Track season led to another disappointing finish, one spot away from Nationals. My confidence crumbled under the weight of the defeat. I started to believe I was a fluke, a one-hit wonder. I second-guessed myself. I decided to try not to care too much about running anymore, it hurt less to just go through the motions. I couldn’t disassociate myself enough. It still hurt. I saw fat as the culprit to downfall. I still believed I was never going to be as good as I once was. I ran anyways.

Racing no longer was a test of will, it became a line of comparisons. It wasn’t about the 3.1 miles of strength. It was about the girl next to me who had skinnier legs. It was about the girl on the end with the flat stomach. It was me telling myself everything my contorted mind thought I wasn’t instead of telling me everything I am. Instead of trusting in my training, I fixated on body image. The races, once my favorite part of running, became dreaded.

I went from one of the top in the nation to barely placing in conference championships. That fact alone took it’s toll on me. What little confidence I had left quickly evaporated. I faked confidence. Again and again and again, trying with all my might to build myself back up.


My journal became my outlet for dark thoughts as I kept pushing for recovery, for health, for finding myself again. I faltered, as I struggled with the deception that anorexia was telling me:

“I know I should be pushing these thoughts [anorexia] away. But instead, I’m welcoming the monster in, like an old friend. And now that he’s here, I want him to stay, get to know him again. I’m trying to fight, but he’s a charmer, he’s hard to fight against when he makes you feel so good. Monster, don’t go, stay with me for awhile.”

I began to have more good days than bad days. I stood in front of the mirror for an hour telling myself all positive things about myself. I cried as I tried to reword the thought process of my brain. I did this again and again, rebuilding myself. Every now and then, I would misstep:

“Again, I’ve slipped. I’ve woken the monster from hibernation. I’ve told it good morning and offered to make him the breakfast I won’t eat. He always gives me such an eerie sense of control.”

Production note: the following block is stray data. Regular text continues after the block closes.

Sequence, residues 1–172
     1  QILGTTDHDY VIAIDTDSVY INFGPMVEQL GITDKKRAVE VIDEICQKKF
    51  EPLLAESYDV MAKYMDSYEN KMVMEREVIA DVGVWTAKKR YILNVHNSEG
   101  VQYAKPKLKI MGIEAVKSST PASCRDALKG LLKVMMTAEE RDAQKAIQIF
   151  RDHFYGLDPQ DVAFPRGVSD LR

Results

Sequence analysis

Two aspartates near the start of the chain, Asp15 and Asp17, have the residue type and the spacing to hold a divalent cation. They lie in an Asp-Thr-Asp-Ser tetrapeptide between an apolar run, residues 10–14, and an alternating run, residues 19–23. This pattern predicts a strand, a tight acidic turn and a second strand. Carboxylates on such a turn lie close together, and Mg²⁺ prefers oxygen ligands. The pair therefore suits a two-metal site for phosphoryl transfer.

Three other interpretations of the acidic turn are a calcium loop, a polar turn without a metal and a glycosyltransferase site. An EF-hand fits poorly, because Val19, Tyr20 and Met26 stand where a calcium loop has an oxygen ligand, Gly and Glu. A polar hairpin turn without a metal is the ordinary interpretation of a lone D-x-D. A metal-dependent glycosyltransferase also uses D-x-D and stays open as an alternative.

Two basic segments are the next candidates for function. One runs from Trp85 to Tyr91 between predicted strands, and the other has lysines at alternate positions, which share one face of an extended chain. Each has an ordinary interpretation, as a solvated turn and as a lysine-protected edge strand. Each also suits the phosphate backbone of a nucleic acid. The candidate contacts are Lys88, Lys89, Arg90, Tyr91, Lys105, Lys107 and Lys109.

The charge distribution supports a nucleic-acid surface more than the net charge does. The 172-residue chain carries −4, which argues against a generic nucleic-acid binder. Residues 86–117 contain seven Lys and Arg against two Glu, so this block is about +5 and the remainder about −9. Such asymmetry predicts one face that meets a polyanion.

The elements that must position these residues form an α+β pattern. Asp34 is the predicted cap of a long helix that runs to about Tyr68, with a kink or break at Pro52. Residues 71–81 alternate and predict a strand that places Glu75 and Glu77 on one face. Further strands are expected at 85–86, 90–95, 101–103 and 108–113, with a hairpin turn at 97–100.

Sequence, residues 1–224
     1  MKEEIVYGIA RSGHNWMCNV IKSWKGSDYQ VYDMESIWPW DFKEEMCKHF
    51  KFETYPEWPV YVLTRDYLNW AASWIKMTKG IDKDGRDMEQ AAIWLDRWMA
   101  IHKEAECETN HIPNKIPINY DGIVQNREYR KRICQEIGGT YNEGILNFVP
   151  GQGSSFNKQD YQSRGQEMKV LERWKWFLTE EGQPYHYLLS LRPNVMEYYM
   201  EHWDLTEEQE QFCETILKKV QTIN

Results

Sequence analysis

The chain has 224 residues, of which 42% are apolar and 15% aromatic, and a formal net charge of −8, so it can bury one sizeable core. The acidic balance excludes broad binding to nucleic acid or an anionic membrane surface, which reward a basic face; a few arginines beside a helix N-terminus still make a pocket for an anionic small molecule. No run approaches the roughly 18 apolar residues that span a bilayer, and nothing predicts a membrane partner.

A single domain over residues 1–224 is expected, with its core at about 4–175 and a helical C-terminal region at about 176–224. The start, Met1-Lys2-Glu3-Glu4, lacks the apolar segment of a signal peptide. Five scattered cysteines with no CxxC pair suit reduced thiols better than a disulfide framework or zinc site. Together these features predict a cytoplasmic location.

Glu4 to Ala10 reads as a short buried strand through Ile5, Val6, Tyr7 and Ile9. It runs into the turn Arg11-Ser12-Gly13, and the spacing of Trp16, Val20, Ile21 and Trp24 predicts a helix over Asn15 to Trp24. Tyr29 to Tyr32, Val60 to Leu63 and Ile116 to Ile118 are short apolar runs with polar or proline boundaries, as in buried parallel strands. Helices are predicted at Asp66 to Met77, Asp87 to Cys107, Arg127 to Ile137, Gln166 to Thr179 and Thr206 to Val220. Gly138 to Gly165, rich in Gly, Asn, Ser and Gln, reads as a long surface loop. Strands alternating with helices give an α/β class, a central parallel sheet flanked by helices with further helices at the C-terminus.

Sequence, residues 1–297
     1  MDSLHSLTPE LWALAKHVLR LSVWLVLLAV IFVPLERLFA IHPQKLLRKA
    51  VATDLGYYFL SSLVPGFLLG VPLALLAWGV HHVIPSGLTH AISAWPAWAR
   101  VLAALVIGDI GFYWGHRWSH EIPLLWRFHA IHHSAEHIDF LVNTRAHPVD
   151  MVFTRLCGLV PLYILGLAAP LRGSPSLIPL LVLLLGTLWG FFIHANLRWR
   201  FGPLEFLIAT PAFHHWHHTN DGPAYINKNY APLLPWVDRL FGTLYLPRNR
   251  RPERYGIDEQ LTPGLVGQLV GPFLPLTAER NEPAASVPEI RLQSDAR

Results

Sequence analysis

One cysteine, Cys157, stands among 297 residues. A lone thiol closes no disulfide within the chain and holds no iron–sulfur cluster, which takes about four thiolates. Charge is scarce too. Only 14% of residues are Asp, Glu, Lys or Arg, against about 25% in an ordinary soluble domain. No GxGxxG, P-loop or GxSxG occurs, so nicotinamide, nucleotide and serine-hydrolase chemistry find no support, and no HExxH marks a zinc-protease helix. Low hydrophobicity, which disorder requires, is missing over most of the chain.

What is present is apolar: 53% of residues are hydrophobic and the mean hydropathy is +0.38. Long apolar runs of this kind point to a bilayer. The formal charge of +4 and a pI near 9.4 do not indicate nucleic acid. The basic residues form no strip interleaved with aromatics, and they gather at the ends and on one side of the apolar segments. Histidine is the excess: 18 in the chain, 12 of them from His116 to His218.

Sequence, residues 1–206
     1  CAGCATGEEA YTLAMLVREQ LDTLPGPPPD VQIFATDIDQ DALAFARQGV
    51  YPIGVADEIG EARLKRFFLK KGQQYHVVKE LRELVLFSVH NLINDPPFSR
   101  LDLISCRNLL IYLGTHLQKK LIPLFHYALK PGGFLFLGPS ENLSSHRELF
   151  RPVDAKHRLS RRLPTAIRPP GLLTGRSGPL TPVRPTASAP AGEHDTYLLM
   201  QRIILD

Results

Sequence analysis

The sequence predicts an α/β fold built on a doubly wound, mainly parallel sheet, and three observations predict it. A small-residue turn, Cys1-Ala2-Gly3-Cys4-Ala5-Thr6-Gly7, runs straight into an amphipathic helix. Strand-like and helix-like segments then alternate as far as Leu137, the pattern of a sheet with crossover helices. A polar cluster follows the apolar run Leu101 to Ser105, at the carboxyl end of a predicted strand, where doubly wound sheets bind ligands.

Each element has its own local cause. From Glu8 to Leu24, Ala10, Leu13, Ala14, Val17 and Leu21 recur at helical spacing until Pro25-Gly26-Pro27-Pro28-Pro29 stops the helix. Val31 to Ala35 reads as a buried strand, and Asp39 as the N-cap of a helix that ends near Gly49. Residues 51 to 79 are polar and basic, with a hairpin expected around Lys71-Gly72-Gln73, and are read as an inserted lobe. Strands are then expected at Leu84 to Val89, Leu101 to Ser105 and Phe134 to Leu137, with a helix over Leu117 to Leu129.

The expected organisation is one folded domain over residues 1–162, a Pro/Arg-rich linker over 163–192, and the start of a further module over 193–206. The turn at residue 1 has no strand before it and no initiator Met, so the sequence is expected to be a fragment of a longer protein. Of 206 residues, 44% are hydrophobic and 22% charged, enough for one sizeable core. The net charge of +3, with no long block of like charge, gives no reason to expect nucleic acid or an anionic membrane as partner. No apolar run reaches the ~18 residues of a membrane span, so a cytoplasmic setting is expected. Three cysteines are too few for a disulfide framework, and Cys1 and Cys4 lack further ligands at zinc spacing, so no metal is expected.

Coming back from a slip-up, began to take less time, from two weeks, to one week, to only a matter of days. I was healing.


I found myself on the doorstep of the Olympic Training Center. I was a mix of emotions: extremely excited and honored to have been given the opportunity I had been dreaming about since I was 12 years old; and extremely nervous with a twinge of feeling like I didn’t deserve to be there.

I worked hard, read positive quote after positive quote to continue to build back the confidence that I had lost and was working hard to regain. Slowly, I began to feel like my normal self. I began to hit new benchmarks. I got into a groove. I was starting to find my wings again. I began to believe.

Then, a bout of mono and a sinus infection later led me to be 10 pounds lighter and fighting my mind and body against the demons of anorexia. That high that I once had from losing weight was back. I confided in my dietician. She made a plan for me to gain weight. I refused to follow it. Deep down I knew I was walking on a dangerous thin line.

I confided in my coach. She spitballed it back in my face, screaming and yelling. With a huge stroke of courage and strength, I decided I needed to leave the place I had so desperately wanted to be. I needed to be healthy and I refused to go down the same road I had followed only two years before.


The demon became tangible in my mind. It was as if admitting it was there, made it something I could touch and feel, a black goo covering over the front part of my brain. I battled, trying to find some way to eliminate it from my body. Day after day, I visualized removing the tar from my brain. I noticed days went by without a negative thought. Then a week. Then before I knew it, I went from having consecutive bad days to having none.

Nothing tastes as good as freedom feels. The shackles and chains were gone. The scale was no longer my universe.

My dad asked me “was it worth it?”, meaning, was losing weight to become one of the best in the country, only to fight like hell for health and fall behind the pack in running, worth it?